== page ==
The WWT is on a mission to protect the waterlands that we have left in the UK. They wanted to use the podcast as a way of getting other people to fall in love with them, and also realise they’re important in helping climate change. It was a really amazing opportunity to sit and reflect on what we have in the UK. A lot of the time we watch these beautiful glossy documentaries and think of these places as being somewhere else, but this podcast reminds us that what we have in the UK is really special.

What are wetlands?

Wetlands are bodies of water that are nature-rich. They’re very important for biodiversity, and can be anything from ponds to rivers to actual wetlands. 

Why are they so important in the climate change fight?

For a lot of reasons. First of all, 40 per cent of all the species on earth depend on wetland to live, which is quite amazing considering they only cover less than 10 per cent of the whole planet. They’re also really effective as a carbon sink, which means they actually store carbon. And they help to protect us from extreme weather events, almost acting like a sponge, buffering us from flooding. These sorts of things will be really important if we start to see more effects of the changing climate.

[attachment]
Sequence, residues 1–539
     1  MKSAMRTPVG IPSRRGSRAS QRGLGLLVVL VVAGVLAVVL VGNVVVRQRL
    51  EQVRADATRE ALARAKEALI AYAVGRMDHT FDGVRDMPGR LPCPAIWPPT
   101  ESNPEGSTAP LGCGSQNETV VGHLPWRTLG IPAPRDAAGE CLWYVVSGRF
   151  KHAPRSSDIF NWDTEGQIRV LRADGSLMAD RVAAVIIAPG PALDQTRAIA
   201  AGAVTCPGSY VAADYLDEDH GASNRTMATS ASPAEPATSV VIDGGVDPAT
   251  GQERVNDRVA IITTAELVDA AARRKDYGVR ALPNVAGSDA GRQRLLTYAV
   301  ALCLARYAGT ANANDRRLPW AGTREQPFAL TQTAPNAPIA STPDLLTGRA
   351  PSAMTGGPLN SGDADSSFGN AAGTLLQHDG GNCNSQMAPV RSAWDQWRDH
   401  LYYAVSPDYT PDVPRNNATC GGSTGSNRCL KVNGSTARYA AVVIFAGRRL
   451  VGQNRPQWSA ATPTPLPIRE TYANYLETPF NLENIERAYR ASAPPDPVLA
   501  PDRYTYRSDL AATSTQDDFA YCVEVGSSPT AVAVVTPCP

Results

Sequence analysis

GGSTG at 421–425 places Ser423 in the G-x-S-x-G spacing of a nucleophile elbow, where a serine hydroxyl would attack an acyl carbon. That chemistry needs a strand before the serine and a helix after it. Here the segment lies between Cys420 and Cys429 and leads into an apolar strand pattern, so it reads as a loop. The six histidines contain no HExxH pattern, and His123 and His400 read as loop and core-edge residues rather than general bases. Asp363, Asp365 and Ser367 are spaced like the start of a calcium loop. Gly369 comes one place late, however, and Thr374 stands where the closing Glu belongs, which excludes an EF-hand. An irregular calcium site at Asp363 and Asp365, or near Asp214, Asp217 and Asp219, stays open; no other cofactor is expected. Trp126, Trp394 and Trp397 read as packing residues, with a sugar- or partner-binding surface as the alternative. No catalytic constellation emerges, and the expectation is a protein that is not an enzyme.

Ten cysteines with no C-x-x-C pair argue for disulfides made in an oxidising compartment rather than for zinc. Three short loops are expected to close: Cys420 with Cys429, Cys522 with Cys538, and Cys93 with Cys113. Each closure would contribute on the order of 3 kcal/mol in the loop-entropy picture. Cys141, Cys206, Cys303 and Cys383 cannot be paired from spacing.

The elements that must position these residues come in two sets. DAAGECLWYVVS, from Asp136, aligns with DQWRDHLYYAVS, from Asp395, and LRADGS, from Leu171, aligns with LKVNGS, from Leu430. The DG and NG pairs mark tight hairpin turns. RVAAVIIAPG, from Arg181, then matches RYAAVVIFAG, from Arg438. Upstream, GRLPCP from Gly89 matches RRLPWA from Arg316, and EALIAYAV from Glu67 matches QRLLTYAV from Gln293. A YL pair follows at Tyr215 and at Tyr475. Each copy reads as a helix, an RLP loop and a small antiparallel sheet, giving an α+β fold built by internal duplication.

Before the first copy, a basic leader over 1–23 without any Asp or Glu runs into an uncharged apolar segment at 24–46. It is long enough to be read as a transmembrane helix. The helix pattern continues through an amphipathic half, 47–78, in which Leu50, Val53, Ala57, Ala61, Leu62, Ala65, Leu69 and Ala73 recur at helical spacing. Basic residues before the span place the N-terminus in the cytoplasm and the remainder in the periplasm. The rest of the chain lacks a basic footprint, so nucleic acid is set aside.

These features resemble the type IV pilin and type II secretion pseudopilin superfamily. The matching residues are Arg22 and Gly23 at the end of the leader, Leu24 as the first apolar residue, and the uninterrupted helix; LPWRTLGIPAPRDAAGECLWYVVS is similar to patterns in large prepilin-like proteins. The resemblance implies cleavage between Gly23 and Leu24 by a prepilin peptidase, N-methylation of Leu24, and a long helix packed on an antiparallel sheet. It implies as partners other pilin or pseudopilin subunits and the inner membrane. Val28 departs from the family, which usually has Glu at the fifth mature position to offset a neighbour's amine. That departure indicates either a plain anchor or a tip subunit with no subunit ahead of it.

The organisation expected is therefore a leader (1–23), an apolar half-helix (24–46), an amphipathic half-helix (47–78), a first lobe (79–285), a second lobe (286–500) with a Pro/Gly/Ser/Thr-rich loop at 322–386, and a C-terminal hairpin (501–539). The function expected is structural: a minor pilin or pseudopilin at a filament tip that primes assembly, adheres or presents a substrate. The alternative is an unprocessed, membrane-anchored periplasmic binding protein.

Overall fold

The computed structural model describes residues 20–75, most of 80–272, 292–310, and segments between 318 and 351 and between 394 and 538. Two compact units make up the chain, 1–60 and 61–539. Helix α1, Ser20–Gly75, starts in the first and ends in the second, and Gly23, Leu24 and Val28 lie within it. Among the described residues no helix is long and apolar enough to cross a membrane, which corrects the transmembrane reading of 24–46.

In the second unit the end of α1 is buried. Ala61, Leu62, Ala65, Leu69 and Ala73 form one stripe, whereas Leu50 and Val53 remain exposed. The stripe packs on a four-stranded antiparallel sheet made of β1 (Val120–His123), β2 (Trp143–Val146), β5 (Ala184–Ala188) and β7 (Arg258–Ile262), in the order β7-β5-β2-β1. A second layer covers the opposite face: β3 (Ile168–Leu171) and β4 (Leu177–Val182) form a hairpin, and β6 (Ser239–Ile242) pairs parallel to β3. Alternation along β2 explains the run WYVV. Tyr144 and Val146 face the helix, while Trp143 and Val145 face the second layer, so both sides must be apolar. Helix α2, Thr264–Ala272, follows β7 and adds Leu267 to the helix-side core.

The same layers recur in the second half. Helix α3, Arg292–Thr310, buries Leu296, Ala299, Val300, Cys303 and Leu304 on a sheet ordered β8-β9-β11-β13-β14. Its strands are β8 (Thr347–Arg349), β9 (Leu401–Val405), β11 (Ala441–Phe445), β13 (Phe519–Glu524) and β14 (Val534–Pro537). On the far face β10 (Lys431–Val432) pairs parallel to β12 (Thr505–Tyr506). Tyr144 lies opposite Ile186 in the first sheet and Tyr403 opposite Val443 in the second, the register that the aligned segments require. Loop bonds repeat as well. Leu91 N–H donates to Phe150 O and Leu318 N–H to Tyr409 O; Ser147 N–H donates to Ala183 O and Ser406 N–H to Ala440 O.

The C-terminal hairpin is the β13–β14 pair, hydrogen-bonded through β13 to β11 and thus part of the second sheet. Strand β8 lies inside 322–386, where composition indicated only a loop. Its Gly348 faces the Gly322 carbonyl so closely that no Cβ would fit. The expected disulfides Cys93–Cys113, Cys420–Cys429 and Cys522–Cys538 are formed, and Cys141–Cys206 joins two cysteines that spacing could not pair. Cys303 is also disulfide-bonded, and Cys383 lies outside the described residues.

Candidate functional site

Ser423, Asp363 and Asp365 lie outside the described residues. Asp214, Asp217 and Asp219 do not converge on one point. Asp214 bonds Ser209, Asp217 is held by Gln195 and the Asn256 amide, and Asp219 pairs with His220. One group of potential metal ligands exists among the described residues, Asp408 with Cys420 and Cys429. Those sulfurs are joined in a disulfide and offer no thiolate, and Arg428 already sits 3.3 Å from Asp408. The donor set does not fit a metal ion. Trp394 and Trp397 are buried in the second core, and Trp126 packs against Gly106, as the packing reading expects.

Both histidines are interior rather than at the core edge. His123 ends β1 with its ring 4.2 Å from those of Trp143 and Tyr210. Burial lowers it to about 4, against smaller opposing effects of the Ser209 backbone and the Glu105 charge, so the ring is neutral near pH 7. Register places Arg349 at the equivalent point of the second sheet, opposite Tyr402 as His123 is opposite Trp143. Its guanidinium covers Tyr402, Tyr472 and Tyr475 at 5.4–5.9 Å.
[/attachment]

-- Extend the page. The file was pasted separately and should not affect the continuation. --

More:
In one episode, you look at what life would have been like back in the Roman times. What did you discover?